I have recently become motivated to define a profile of Egyptian exceptionalism through the appendages of Western Empire. With this I want to clarify the unique case of Egypt as a cultural and linguistic ghost of its hegemon, and how this lingering influence positions Egypt to itself subsume the role of empire.
As a satellite metropole, how can we understand the bidirectional relationship Cairo holds with broader Africa? Walter Rodney wrote that as Africa developed Europe, Europe underdeveloped Africa. If, as I argue, Egypt is the remaining metropole in Africa, then I assert that it may observe this same relational structure— ie. while Africa develops Egypt, Egypt may reinforce Africa’s underdevelopment. In my argument, however, I also aim to highlight the ways in which the Egypt/North Africa-Africa relationship in fact strays from this relational structure, establishing a new sort of hegemon with its own imperial politic.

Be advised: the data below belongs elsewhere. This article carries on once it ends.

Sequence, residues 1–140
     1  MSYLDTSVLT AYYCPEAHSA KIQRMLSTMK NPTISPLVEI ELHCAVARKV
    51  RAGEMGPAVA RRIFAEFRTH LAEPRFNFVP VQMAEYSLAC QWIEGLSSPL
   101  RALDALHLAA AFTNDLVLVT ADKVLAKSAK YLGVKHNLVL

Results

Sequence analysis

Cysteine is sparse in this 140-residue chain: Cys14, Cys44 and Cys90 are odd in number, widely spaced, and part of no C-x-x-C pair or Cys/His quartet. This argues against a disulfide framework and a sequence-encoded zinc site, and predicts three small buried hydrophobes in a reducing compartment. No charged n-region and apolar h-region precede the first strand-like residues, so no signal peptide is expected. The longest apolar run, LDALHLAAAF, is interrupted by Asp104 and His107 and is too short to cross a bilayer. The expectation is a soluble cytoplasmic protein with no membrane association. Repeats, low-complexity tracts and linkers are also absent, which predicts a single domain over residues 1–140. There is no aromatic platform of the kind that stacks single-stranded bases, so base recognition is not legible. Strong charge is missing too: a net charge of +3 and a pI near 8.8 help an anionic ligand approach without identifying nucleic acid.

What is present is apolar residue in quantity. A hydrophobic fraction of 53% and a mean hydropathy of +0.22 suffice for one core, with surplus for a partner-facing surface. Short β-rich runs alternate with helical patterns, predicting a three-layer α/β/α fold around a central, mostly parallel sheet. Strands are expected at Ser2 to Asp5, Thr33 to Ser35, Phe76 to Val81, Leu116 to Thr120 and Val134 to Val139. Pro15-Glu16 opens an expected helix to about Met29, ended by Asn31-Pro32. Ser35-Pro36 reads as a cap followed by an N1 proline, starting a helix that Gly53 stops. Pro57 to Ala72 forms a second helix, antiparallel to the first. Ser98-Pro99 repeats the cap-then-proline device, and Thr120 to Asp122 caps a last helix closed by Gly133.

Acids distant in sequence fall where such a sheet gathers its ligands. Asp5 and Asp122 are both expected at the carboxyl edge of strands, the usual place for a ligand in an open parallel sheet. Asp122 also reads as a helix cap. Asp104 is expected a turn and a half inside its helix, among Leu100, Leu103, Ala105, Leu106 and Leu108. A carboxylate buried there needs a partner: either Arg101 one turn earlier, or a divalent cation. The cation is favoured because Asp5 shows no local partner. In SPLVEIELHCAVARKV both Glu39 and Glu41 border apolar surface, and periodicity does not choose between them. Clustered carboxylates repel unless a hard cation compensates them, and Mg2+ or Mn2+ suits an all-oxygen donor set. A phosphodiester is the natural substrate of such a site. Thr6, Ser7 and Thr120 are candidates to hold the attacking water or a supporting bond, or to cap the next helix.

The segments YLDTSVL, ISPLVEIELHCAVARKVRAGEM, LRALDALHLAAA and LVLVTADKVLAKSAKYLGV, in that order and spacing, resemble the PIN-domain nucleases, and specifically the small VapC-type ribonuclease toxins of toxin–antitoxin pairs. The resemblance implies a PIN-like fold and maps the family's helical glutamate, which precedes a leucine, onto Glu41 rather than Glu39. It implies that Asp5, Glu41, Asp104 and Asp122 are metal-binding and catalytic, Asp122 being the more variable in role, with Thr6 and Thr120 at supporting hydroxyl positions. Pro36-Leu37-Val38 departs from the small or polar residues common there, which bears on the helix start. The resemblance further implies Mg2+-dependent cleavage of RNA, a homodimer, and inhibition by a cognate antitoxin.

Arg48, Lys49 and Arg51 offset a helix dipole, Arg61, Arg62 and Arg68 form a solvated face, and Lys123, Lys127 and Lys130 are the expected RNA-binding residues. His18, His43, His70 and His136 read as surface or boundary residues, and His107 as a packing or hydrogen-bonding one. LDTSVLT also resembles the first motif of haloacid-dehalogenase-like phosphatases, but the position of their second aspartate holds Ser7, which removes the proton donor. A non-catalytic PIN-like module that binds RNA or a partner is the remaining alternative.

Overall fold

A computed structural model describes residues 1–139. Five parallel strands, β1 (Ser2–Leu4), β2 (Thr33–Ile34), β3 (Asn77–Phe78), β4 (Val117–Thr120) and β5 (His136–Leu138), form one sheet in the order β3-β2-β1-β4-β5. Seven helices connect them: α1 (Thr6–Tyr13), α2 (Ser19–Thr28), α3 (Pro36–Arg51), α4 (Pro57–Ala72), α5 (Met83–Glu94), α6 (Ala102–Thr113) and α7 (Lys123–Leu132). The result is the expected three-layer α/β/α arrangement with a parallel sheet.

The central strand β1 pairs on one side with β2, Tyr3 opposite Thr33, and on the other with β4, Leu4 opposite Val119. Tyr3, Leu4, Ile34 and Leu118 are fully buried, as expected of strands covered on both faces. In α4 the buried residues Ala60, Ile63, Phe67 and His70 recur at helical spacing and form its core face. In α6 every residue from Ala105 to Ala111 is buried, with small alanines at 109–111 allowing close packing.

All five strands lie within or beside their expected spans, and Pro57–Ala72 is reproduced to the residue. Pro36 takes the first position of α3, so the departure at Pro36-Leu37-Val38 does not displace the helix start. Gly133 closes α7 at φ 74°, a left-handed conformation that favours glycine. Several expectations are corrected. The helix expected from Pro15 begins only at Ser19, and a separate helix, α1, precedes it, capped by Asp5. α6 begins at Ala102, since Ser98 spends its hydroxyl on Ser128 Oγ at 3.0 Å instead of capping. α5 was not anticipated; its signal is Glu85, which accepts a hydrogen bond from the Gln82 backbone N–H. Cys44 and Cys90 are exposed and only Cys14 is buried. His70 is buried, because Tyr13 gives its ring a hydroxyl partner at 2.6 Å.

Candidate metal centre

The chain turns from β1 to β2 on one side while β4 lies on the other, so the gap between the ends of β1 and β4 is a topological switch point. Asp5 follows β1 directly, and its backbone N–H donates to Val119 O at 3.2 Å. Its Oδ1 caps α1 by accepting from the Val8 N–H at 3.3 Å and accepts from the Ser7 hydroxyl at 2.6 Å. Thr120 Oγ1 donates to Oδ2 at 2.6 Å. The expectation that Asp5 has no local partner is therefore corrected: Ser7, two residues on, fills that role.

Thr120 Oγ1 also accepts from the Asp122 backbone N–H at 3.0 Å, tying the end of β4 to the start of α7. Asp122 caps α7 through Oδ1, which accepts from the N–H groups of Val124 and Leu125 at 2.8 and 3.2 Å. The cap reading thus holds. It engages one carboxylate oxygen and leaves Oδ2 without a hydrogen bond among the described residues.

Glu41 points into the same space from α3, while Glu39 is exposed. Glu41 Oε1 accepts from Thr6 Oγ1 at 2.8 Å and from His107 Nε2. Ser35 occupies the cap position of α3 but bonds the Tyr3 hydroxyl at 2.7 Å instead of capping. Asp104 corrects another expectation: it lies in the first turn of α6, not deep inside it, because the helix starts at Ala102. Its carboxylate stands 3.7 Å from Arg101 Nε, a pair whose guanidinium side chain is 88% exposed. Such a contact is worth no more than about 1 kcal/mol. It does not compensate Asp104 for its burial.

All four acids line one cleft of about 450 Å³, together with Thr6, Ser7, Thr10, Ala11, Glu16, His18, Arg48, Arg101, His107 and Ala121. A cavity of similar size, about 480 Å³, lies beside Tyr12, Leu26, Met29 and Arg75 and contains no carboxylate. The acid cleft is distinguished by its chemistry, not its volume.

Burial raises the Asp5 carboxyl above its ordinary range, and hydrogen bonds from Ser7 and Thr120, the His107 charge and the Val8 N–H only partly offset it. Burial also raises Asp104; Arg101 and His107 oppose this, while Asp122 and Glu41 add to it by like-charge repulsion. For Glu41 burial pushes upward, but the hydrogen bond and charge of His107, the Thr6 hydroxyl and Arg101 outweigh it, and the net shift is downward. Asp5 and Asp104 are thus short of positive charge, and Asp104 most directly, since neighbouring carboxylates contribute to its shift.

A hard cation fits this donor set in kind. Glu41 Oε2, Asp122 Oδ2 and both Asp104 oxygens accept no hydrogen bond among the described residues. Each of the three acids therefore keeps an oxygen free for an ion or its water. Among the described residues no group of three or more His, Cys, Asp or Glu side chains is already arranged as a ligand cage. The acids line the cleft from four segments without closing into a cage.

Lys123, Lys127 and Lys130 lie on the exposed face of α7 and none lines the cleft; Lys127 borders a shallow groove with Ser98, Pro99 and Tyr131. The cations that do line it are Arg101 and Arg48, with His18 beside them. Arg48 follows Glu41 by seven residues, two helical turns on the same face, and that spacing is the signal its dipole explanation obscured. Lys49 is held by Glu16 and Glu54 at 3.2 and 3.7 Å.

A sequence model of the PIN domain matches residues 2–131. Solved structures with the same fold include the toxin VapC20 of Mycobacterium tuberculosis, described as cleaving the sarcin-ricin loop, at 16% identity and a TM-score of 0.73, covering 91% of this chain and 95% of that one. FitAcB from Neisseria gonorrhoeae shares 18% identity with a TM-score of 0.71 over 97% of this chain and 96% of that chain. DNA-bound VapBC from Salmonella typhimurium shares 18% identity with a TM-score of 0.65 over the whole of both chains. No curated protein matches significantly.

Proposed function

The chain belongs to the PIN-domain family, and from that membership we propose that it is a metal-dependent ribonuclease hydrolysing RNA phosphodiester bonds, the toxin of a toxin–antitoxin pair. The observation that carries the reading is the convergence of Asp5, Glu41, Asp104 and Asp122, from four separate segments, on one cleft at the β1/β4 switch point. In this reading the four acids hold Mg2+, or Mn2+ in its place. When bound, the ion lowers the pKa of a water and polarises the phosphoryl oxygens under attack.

When arriving back in Egypt, I anticipate the challenge of being able to directly articulate, or at least illustrate the profundity of how, Egypt’s superstructures are clearly or convolutedly tethered to a murky imperial legacy. I had been thinking over the logistics of my time there simple things— like what traffic will I run into in this part of the city, or should I stay in Tagamo or Zamalek— and I found these questions in fact pertinent with this project. I mulled over my aversion to staying in New Cairo. Under Sisi, Egypt is currently seeing an era of hyper-development and ceaseless infrastructure projects; my friends and I are decisive in our language, however, when we call it one of the most accelerated and sweeping gentrification projects that North Africa has seen. This administration is advancing unrelenting expansion eastward and establishment and growth of ‘urban developments.’ Luxury housing, commercial districts, but most prominently language schools have been dropped down amidst previously low-maintenance and undeveloped land. Construction of entire new communities and low-density residential areas are forming around these new schools; it is no coincidence that these are French and English language schools and that the neighborhoods and shopping centers oriented around them are markedly and purposefully Western, with signs written exclusively in English and billboards advertising the next hot development. I was able trace back how this was relevant to an overhaul problematization of the contemporary Cairo Arab condition: the pursuit of Euro-ness, rebranded as refined Oriental-esque Westernism.